Wednesday

The most terrifying aspect of Evelyn Waugh as a parent


was that he reserved the right not just to deny affection to his children but to advertise an acute and unqualified dislike of them. This was always conditional on their own behaviour up to a point, and seldom entirely unjustified, but it was disconcerting, nevertheless, to be met by cool statements of total repudiation.

As the number of children increased–by 1950 there were six of us–he spent longer periods away from home, much to the relief of all of us. As I have said, even at the time, I half-suspected that he was aware of the relief we felt when he was away, that his great act of disliking his children and shunning their company was at any rate in part an acknowledgement of his tragic inability to relax with them.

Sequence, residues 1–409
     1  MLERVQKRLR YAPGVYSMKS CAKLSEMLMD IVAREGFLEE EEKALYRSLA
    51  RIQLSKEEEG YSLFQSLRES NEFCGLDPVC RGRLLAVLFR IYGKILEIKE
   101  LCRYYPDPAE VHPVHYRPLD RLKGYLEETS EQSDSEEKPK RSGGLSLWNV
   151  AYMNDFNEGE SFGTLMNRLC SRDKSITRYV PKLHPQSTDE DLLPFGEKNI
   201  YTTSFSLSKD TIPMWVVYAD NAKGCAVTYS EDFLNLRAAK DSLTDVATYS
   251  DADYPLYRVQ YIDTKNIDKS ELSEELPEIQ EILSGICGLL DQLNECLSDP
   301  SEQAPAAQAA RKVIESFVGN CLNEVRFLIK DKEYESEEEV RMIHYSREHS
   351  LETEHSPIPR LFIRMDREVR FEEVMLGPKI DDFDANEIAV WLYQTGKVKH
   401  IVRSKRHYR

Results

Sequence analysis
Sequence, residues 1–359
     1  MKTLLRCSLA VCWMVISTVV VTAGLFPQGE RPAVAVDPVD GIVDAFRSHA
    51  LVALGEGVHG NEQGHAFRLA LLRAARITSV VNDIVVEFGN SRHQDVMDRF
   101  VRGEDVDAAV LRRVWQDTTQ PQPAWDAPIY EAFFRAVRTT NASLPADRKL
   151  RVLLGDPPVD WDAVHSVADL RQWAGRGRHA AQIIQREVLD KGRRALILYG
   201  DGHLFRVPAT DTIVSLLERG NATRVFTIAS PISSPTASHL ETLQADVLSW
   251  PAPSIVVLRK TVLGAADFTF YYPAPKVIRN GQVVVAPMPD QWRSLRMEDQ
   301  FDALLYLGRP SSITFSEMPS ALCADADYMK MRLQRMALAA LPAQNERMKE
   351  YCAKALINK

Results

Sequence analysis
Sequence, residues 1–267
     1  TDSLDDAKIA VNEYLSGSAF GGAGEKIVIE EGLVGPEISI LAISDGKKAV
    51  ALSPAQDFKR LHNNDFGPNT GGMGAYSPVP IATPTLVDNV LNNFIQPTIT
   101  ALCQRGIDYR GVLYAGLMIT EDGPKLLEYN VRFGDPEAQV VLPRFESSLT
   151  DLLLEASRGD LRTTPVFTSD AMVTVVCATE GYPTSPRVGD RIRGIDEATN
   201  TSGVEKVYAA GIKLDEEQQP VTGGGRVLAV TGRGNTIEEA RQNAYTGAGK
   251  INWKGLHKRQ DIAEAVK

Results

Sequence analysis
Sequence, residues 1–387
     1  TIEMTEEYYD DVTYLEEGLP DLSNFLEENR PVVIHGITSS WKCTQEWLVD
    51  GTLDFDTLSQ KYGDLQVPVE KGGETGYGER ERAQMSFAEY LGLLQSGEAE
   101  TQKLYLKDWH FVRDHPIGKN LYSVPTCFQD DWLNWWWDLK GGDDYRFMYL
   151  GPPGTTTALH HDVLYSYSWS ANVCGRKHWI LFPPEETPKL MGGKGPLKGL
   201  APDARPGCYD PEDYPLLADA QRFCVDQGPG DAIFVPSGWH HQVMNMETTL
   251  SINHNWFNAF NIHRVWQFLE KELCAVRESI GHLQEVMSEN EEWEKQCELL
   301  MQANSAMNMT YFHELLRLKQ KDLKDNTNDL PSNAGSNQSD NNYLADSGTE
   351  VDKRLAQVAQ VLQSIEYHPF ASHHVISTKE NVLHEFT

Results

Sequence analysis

In fact the most welcome aspect of him, as a parent, was his lack of interest in his children, at any rate until they were much older and became fit subjects for gossip. I have described how no noise could be made in the front of the house, but that was as far as his reign of terror extended. So long as we were out of sight and sound, we could do whatever we wanted. Similarly, he was unconcerned about school rules and school reports, holding all authority in derision until the threat of expulsion brought with it the danger that children might be returned home.

Auberon Waugh’s autobiography

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